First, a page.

Appeal from the Iowa District Court for Black Hawk County, George L. Stigler, Judge.
Applicant appeals the district court's denial of her request for postconviction relief on drug-related charges.
Allan M. Richards of Richards Law Firm, Tama, for appellant.
Elisa Montgomery, Mitchellville, appellant pro se.
Thomas J. Miller, Attorney General, Darrel Mullins, Assistant Attorney General, Thomas J. Ferguson, County Attorney, and Kimberly A. Griffith, Assistant County Attorney, for appellee.
Considered by Vaitheswaran, P.J., Doyle, J., and Miller, S.J. [*]
I. Background Facts & Proceedings
Elisa Montgomery was charged with ongoing criminal conduct, five counts of prohibited acts, and five counts of possession of a controlled substance with intent to deliver. The State alleged Montgomery had been involved in a scheme to obtain hydrocodone, a Schedule II controlled substance, through false prescriptions and then sell the drug to others.
Montgomery did not appear for a pre-trial conference on July 2, 2009. Her defense counsel stated she told him that she had a note from one of the doctors at Black Hawk-Grundy Mental Health Center "indicating that she had some mental difficulties which would prevent her from attending a court proceeding in the near term." Defense counsel stated, "I would make a professional statement that I do not believe there is any issue with capacity." The district court denied defense counsel's request for a continuance.
The case was scheduled for trial on July 7, 2009. On that day, Montgomery again asked for a continuance. She presented a note dated June 23, 2009, from Dr. Mohammed Afridi, a psychiatrist, which stated, "Miss Montgomery is unable to attend court hearings due to health reasons for the next six weeks." She told the court, "I have some issues. And I'm just not stable enough to do this right now. I'm just not. And I just don't understand—I mean understand things, but I don't. I forget. And then, I don't know, I'm just—I'm just being honest with you." The district court concluded Montgomery had not shown a sufficient record to continue the trial, and denied her motion for a continuance.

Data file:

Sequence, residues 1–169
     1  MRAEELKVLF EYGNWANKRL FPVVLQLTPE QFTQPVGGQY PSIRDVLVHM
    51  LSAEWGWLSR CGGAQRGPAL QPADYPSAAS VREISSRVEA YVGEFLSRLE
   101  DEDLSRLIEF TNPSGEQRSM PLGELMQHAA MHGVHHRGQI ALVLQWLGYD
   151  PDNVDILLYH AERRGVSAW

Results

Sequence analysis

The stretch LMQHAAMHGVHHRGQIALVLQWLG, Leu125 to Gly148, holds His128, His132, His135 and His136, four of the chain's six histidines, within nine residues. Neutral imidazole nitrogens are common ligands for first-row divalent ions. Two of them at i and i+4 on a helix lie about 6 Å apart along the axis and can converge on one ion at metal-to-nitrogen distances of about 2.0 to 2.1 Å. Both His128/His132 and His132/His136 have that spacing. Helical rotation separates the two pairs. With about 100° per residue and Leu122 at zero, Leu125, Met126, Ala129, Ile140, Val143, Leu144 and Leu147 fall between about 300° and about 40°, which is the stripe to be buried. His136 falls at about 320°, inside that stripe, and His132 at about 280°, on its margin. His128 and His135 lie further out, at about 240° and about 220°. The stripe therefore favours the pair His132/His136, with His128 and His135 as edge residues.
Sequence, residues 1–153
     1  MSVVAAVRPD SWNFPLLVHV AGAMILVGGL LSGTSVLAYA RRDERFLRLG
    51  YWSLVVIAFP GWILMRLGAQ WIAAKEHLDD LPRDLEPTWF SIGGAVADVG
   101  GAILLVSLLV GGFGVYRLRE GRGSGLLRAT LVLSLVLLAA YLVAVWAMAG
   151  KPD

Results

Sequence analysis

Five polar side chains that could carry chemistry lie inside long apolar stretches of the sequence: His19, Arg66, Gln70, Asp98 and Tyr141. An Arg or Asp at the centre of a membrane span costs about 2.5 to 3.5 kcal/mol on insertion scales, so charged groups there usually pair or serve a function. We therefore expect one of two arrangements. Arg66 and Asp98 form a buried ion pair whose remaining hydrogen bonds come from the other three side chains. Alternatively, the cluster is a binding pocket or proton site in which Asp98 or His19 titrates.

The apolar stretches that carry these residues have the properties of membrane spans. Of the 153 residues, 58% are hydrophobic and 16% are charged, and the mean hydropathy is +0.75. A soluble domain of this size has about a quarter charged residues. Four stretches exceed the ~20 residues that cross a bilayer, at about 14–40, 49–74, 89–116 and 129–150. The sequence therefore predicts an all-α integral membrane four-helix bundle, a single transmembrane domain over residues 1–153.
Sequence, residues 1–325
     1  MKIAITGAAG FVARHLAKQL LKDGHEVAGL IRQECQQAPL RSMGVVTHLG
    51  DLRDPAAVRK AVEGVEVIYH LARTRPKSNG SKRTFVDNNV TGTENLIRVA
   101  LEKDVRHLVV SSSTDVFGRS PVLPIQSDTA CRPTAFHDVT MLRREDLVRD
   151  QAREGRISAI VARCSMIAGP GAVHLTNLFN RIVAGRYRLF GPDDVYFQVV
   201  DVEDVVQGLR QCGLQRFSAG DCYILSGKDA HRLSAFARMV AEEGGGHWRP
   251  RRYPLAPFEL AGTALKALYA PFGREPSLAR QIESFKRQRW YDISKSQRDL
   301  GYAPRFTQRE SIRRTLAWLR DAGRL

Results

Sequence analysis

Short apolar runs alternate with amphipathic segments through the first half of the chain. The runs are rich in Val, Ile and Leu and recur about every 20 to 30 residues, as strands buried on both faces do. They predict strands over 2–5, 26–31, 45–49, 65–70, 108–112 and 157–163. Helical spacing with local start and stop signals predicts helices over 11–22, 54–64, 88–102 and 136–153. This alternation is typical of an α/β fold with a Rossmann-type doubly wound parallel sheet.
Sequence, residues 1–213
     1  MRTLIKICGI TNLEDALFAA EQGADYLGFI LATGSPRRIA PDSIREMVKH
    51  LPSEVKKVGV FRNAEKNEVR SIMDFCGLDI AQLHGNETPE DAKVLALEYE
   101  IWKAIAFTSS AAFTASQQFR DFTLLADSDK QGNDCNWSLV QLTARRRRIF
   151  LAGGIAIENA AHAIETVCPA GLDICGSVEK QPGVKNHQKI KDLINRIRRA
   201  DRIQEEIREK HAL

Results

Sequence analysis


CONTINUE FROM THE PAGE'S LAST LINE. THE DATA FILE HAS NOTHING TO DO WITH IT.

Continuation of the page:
Montgomery then decided to enter an Alford plea to the charges against her, rather than proceed to trial that day. Prior to entering the guilty plea, Montgomery asked some pertinent questions about what the Alford plea entailed and about sentencing. During the plea colloquy, the district court asked her, "I understand that you take medication and that you have some counseling issues and so forth, but are any of the medications you're taking or mental issues that you have got you so confused that you don't understand what we're doing here today, " and Montgomery replied, "Not today, no." Toward the end of the guilty plea proceeding, Montgomery asked, "I have a probation hearing on the 23rd. How does this work with all this?" The court and her defense attorney answered her question.
Montgomery subsequently filed a motion in arrest of judgment. She asked to withdraw her guilty plea, stating she did not have the ability to understand what was going on during the plea proceedings. She stated she believed that she would receive probation for twenty-five years. Montgomery testified:
I went ahead and took the Alford plea. But afterwards, after talking to people and talking to other lawyers and—and talking to the—not prosecutor but probation officers and stuff like that, I felt I made the wrong choice. ...